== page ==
Hugh Hewitt's _Blog_

HOW did I miss this book until now?! I'm disgusted with myself for being so behind the curve. Today I picked up Blog: Understanding the Information Reformation That's Changing Your World at the bookstore after, as I perused a display table, it jumped out at me amidst such fare as The Neocon Reader and Lakoff's Don't Think of an Elephant! I can already tell I'm probably not going to be that impressed with the book; the blurb on the inner flap of the dust jacket reads strikingly like just another technological conquest narrative:

Since was launched in early 2002, more than ten million people have visited his site (seven million just since the beginning of 2004). "Why does this visitor traffic matter?" asks Hewitt. "People's attention is up for grabs. If you depend on the steady trust of others, suddenly you have an audience waiting to hear from you." The race is underway, though, to gain mindspace and to be part of readers' habits. If your organization has not established itself in the blogosphere, now is the time to move ahead, but quickly!

From a business standpoint, your organization can benefit from developing a two-pronged approach to blogging by creating offensive and defensive plans. Not only do you need to blog internally to promote ideas and foster better communication among colleagues, but your company also should take advantage of the advertising and publicity benefits of blogging. Put yourself at the front of people's minds, and make sure you stay there. As for a defensive strategy, create a plan for addressing immediately even one negative blog, because in just a click of a mouse it will spread like wildfire, and you'll soon have one hundred negative blog references out there, and then a thousand or more. Blog shows you how to develop both.

With 4.5 million blogs in existence as of November 2004 -- and with that number expected to double in 2005 -- almost everyone will soon feel this phenomenon impacting their lives or organizations. With Hugh Hewitt's help, you can make sure that you advance in the blogosphere rather than retreat and lose ground in this information movement.

While I see the value of intranet blogging as organizational/business communication, I'll maintain in my dissertation that there are many bloggers who do it out of a genuine desire to engage in discussion with others rather than to "gain mindspace" as though it were a commodity (but hey, I suppose it is, actually. Plus, I'm sure Hewitt isn't trying to say that gaining mindspace is the only motivation.). Ugh, I shouldn't even say that having not yet read the book. At any rate, Hewitt seems willing to make strong claims about blogging's effect on general culture; the sub-subtitle is "Why you must know how the blogosphere is smashing the old media monopoly and giving individuals power in the marketplace of ideas." And Glenn Reynolds gives it high praise: "This is the best book on blogs yet, which isn't surprising since it's by a successful blogger who also knows a lot about communications and the world in general." Definitely a must-read for my dissertation research.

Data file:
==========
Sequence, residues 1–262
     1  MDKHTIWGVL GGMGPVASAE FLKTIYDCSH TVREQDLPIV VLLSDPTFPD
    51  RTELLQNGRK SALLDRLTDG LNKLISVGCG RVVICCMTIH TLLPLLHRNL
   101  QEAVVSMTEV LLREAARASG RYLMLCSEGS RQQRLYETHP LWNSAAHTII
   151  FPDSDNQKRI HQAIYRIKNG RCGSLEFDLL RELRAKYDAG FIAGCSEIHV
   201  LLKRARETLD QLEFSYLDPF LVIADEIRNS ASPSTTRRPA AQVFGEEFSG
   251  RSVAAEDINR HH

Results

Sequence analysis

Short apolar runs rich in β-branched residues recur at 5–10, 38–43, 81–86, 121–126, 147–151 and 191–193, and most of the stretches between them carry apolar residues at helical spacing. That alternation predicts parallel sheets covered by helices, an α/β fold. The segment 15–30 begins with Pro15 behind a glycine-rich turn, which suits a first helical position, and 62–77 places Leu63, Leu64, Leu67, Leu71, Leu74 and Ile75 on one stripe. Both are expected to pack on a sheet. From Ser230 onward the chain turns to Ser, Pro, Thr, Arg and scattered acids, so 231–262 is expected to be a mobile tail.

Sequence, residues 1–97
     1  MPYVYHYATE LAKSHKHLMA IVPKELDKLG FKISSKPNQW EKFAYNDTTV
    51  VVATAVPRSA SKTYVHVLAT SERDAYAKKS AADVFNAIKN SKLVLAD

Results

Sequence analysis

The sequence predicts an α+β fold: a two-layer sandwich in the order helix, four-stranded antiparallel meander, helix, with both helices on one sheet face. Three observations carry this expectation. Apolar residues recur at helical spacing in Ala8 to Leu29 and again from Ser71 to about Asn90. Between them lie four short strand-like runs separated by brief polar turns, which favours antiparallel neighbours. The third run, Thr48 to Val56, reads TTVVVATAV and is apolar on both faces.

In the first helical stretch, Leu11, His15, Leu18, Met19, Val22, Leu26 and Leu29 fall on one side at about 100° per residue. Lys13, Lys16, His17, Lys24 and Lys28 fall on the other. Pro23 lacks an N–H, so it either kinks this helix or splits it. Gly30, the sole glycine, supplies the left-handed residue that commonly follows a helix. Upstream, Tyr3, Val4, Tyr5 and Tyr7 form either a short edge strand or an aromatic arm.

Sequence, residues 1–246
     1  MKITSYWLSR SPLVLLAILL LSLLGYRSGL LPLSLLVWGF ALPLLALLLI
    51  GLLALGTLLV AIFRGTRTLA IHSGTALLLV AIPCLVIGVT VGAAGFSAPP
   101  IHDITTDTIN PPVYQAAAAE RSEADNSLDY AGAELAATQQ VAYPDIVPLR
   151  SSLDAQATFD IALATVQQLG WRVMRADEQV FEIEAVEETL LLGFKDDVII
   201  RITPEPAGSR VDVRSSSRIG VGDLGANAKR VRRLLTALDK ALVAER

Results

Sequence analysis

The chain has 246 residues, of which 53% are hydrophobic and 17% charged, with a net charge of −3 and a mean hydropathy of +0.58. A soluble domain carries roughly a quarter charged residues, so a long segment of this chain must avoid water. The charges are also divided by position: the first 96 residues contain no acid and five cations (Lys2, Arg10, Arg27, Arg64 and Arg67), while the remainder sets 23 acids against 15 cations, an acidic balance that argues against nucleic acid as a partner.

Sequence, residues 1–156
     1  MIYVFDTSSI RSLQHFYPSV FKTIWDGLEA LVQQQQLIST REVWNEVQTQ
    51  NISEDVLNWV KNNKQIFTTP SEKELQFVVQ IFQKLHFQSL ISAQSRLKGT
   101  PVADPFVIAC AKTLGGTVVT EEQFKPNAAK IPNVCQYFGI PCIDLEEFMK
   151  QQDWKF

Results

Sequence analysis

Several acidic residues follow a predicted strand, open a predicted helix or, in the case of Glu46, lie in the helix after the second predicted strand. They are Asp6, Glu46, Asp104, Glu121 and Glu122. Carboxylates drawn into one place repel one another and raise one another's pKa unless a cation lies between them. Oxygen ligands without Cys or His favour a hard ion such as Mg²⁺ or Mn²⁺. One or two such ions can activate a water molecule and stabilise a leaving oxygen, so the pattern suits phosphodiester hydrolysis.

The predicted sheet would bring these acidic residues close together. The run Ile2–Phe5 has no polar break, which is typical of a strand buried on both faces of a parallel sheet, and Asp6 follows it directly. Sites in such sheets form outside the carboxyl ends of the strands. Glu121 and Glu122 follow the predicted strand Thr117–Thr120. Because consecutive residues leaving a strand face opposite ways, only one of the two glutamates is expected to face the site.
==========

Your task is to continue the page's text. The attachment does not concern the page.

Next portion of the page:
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I know Lakoff

But should I be all that familiar with Hewitt? Never heard of him before this post of yours so maybe I am the one out of the loop. Either way, thanks for the tip. I'll keep my eyes open for it.

Hewitt is just nuts

I can see digging into Blog as an academic exercise, but Hewitt is a far right-wing lunatic. Take a look at the title of his last book: If It's Not Close, They Can't Cheat: Crushing the Democrats in Every Election and Why Your Life Depends on It.

I've skimmed through the thing in the bookstore, and it's an amazing exercise in self-aggrandizing pomposity.


Its as if there is an endless supply of money to keep pumping out right leaning books. If I were to see blogging strictly in terms of opportunities to make a name for myself or break into writing I know where I would go.

From the back of the dust jacket

The strong claims represented here are part of the reason I'm so curious about this book and why I contend that it's essential for me to read such books as part of my dissertation research:

The term blog is short for "Web log" -- an online site with time-dated postings, maintained by one or more posters, that features links and commentary. That's the most basic definition, but it is like saying a car is a means of transportation featuring four wheels. In Blog, syndicated radio talk show host and best-selling author Hugh Hewitt helps you catch up with and get ahead of this phenomenon.

"Millions of people are changing their habits when it comes to information acquisition," writes Hewitt. "This has happened many times before -- with the appearance of the printing press, then the telegraph, the telephone, radio, television, and Internet. Now the blogosphere has appeared, and it has come so suddenly as to surprise even the most sophisticated of analysts."

If you doubt the influence blogs have in society, think again. Better yet, just ask Senator Trent Lott regarding his comments at Strom Thurmond's birthday celebration. Ask New York Times editor in chief Howell Raines about reporter Jayson Blair's fabricated stories. Ask Dan Rather and CBS about President Bush's National Guard documents faxed from a Texas Kinko's. Or ask John Kerry about his battle with Swift Boat veterans. All of these major stories were fully covered by the mainstream media only after their exposure in the blogosphere.

Until now no influential blogger has written an definitive book about this phenomenon, but in Blog, Hugh Hewitt ( helps you position yourself and your organization at the forefront of this information reformation.

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